MSE Seminar: Classical Atomic-scale Methods in Material Design and Discovery

McDonnell Douglas Engineering Auditorium (MDEA)
Susan Sinnott

Chair, Department of Materials Science and Engineering
College of Earth and Mineral Sciences
Pennsylvania State University, State College, PA

Abstract: A driving force for research is the discovery and design of new materials to improve existing technologies or enable new applications. Classical atomic-scale methods are now widely applied in pursuit of this objective. This presentation will review the evolution of some common material modeling methods and their integration with cutting-edge experimental techniques. Illustrative applications will be discussed within the context of water-metal interfaces and carbide-derived carbon materials.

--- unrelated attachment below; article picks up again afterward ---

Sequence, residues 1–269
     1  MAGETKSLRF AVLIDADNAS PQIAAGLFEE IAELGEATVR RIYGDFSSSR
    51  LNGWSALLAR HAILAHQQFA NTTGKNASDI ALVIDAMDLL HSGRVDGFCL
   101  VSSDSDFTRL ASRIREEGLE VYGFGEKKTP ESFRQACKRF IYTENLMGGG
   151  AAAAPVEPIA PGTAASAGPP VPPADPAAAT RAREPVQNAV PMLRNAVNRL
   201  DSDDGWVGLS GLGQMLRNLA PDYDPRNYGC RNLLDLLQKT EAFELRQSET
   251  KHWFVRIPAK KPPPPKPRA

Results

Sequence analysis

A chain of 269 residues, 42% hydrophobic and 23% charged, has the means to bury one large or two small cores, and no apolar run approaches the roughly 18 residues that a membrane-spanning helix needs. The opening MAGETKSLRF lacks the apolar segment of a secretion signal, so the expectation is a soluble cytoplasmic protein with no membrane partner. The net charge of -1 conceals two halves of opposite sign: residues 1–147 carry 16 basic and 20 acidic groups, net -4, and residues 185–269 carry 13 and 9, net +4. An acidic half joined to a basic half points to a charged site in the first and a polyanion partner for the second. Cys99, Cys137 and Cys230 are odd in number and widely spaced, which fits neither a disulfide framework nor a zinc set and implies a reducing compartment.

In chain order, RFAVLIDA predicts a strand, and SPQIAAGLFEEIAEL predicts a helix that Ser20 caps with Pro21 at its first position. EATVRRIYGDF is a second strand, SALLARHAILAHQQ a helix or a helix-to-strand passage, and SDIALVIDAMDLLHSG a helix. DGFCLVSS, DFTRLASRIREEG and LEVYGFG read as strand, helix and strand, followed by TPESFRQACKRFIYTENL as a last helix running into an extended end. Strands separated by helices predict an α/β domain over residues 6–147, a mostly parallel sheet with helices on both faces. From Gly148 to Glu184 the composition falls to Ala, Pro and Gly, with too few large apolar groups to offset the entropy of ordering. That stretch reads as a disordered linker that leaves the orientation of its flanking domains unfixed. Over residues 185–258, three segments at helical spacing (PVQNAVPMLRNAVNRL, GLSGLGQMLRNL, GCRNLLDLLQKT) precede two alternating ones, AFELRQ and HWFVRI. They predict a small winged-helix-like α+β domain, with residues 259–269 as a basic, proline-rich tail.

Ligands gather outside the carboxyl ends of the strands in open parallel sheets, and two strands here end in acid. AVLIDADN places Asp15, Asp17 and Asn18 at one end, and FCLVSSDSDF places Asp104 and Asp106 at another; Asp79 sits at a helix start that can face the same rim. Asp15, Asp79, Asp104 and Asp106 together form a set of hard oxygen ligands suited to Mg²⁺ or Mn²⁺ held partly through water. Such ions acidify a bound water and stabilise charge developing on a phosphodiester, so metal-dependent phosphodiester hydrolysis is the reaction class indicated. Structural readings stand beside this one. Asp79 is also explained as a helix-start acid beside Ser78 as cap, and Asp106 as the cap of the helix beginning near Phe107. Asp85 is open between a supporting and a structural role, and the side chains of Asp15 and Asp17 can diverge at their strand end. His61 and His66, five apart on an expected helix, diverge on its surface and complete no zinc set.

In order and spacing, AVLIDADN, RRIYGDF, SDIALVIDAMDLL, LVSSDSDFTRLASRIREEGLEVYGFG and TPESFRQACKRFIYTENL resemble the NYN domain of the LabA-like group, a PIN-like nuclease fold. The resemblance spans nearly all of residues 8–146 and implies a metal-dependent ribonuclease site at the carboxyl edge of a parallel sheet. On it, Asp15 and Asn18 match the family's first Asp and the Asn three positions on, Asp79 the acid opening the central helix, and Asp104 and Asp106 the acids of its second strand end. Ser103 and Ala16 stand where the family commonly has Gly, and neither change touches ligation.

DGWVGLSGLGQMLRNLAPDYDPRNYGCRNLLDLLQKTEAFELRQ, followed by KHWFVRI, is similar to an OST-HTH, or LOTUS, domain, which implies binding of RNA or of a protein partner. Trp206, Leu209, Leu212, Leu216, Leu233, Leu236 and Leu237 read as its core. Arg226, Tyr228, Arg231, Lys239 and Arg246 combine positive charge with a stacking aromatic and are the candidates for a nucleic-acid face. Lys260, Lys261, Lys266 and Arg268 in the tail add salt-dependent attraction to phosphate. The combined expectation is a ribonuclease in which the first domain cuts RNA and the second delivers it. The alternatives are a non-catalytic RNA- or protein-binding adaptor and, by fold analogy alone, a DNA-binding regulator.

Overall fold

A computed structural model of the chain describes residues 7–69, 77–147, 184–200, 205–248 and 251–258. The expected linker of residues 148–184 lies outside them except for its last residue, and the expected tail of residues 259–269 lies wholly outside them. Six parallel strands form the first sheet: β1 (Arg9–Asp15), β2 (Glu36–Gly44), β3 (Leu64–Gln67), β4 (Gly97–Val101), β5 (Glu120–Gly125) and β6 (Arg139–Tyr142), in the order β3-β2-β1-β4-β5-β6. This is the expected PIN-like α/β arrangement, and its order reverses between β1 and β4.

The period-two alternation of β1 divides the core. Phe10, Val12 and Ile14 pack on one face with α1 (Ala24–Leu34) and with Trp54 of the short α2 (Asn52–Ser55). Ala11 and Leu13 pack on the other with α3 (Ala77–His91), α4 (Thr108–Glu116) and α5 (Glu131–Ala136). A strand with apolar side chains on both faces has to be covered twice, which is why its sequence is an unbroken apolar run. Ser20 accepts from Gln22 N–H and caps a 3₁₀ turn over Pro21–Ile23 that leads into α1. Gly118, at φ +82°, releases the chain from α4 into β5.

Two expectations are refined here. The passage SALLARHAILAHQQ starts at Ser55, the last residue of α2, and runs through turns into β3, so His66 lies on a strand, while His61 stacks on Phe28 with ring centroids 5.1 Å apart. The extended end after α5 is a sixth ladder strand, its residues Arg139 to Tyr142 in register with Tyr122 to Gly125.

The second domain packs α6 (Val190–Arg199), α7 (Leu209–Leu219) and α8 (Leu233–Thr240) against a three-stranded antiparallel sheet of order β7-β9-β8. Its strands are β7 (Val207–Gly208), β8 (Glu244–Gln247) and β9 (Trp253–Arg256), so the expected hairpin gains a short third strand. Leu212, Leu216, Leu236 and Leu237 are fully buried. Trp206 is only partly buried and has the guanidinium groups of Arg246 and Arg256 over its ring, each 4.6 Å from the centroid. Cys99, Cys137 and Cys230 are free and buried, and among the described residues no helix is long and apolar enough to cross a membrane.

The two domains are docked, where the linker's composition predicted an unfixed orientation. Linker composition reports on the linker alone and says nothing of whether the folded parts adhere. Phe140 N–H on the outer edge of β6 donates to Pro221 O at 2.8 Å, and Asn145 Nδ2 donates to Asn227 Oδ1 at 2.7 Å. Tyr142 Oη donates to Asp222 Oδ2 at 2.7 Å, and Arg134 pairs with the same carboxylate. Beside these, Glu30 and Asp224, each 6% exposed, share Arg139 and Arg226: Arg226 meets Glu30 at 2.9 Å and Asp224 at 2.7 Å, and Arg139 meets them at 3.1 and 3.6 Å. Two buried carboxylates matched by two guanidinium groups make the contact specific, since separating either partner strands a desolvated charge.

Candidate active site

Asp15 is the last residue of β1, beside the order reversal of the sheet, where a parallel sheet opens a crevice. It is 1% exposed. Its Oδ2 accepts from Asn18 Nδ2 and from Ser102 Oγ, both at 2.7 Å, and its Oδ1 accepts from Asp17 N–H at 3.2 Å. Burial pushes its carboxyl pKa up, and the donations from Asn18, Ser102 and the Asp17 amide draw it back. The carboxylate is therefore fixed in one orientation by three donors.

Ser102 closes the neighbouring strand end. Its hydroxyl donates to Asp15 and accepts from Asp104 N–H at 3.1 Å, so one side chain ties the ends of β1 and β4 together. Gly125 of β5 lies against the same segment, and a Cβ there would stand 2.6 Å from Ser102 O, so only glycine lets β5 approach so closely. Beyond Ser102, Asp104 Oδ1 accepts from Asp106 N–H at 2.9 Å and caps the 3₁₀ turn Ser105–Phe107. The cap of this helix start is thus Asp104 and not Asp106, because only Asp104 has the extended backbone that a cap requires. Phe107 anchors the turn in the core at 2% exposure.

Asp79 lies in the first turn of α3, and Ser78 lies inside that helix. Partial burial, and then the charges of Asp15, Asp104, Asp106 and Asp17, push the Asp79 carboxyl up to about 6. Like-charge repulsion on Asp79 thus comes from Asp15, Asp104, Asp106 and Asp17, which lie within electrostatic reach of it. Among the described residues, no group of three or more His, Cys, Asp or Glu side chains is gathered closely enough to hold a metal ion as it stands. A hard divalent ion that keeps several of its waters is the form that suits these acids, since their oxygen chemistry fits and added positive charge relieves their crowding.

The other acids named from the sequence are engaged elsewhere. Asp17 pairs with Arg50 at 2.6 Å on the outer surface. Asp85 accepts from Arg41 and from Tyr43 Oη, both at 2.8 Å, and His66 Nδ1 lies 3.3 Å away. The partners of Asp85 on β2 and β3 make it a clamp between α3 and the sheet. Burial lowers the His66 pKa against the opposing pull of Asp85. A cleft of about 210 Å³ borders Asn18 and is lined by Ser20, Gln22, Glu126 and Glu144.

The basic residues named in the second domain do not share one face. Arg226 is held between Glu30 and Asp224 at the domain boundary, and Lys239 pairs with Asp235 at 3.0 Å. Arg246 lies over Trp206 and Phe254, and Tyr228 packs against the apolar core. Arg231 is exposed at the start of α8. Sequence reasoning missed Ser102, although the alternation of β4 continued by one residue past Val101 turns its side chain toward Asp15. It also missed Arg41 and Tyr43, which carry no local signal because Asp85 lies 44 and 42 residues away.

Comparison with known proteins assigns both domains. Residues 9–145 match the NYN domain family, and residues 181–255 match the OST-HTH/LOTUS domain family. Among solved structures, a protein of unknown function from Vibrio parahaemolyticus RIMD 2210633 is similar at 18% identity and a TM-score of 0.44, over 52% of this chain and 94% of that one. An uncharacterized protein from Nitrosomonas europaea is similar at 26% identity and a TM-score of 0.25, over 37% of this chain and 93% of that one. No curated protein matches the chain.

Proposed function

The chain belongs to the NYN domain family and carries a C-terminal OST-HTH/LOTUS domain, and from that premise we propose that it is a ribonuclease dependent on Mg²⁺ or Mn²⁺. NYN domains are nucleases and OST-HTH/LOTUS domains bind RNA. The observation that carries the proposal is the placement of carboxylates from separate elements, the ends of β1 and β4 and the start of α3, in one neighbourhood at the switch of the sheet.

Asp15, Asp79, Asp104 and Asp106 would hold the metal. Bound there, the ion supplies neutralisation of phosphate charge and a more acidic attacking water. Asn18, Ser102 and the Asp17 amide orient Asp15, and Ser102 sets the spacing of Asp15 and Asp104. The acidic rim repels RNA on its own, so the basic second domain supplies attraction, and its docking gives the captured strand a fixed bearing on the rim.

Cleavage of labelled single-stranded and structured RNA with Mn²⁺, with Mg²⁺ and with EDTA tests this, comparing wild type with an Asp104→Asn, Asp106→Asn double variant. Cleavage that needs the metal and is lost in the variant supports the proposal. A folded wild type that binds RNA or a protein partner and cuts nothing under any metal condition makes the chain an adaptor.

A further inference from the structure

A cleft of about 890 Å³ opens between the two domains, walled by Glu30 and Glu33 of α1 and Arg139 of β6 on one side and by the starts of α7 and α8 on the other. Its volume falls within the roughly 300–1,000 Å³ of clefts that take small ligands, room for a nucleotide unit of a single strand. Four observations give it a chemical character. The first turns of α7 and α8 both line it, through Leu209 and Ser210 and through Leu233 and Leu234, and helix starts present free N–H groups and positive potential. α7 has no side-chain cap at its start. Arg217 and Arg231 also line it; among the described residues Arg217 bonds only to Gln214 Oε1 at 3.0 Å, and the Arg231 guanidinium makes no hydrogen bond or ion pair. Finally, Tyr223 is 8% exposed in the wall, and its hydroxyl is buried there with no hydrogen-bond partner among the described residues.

Bio: Susan Sinnott received her bachelor's degree with honors in chemistry from the University of Texas in 1987 and her doctorate in physical chemistry from Iowa State University in 1993. From there, she joined the Naval Research Laboratory, Surface Chemical Branch, in Washington D.C. as a National Research Council postdoctoral associate until 1995.  Afterward, Sinnott became an assistant professor in the Department of Chemical & Materials Engineering at the University of Kentucky through 2000. She then began her tenure at the University of Florida, where she was an associate professor of materials science and engineering until her promotion in 2005 to the rank of professor of materials science and engineering. In 2007, she became an affiliate professor in the Department of Mechanical and Aerospace Engineering, and in 2012 she was named the Alumni Professor of Materials Science. Sinnott also became a member of the Quantum Theory Project in 2011 and director of the Cyberinfrastructure for Atomistic Simulation (CAMS) in 2012. In 2015, Sinnott joined the Pennsylvania State University as professor and department head of materials science and engineering.